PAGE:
Next up was the third trio of the day, The Coathangers. I’ve heard that this band started off as a joke, and if you listen to their first album, you might believe it. If you see them live, however, you’ll quickly learn that these ladies are no joke. Dressed in matching sleeveless tanks with “The Coathangers” scrawled in black sharpies, the band launched into a barrage of no nonsense punk. Ok, maybe a little nonsense. “Squeeki Tiki” features a bass, the drums, and a squeaky toy. Make no mistake though, The Coathangers rock hard. The guitarist (Julia Kugel) and drummer (Stephanie Luke) take turns with lead vocals. Luke’s voice is roaring and guttural and almost makes Kugel’s straight ahead punk voice seem sweet by comparison. Quite the pit developed during their show as people enjoyed their catchy, hard rocking songs. The band seems to like to have a bit of fun, too. Towards the end of their set, every member had played drums at least once.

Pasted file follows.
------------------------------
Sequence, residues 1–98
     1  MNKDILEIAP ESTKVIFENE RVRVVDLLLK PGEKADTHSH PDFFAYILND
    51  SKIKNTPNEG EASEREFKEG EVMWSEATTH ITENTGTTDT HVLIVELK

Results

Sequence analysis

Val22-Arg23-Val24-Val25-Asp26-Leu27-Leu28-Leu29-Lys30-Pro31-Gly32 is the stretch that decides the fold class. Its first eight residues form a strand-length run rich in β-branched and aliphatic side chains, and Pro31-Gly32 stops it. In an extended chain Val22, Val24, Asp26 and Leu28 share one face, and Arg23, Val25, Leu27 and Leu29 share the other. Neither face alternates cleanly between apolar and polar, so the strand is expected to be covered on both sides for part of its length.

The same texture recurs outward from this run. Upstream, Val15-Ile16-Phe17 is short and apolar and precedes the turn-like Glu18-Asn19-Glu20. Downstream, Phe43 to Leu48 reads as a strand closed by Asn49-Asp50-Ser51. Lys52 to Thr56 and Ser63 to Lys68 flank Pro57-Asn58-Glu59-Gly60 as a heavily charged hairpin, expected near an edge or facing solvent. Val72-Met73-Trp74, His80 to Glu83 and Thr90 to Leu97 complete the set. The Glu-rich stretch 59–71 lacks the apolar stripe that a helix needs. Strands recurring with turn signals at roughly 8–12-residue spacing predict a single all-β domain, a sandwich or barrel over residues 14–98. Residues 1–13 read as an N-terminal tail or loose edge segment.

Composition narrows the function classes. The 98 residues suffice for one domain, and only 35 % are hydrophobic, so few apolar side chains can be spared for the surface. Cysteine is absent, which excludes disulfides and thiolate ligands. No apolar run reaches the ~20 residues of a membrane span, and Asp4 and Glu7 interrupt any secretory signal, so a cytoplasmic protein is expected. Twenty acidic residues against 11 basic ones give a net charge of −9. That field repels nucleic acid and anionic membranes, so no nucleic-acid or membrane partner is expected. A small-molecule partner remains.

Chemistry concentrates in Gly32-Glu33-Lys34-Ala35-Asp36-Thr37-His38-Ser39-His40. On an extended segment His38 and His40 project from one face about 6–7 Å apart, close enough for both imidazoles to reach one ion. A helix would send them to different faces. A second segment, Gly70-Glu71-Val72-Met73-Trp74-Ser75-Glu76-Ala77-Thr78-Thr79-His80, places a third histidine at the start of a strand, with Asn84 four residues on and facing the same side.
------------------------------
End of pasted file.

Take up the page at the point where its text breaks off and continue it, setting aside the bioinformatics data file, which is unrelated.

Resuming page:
Thee Oh Sees were up next, and when I left my spot on the on the pit rail to grab some food in between sets, a lady almost knocked me over to get my spot. I knew Thee Oh Sees were popular, but I hadn’t expected that. When we returned to catch the band, the Moon Stage had swelled to capacity with the largest crowd of the day. As the band played “Toe Cutter – Thumb Buster,” guitarist John Dwyer leveled his guitar like a rifle and shot chords through his amplifier. The San Franciscan/Los Angeles band had several crowd surfers and yes, a dancing girl in a panda suit. Achieving her first shout out of the festival, Dwyer reminded the crowd, “No one hurt the Panda. They are protected species,” and then launched into another song.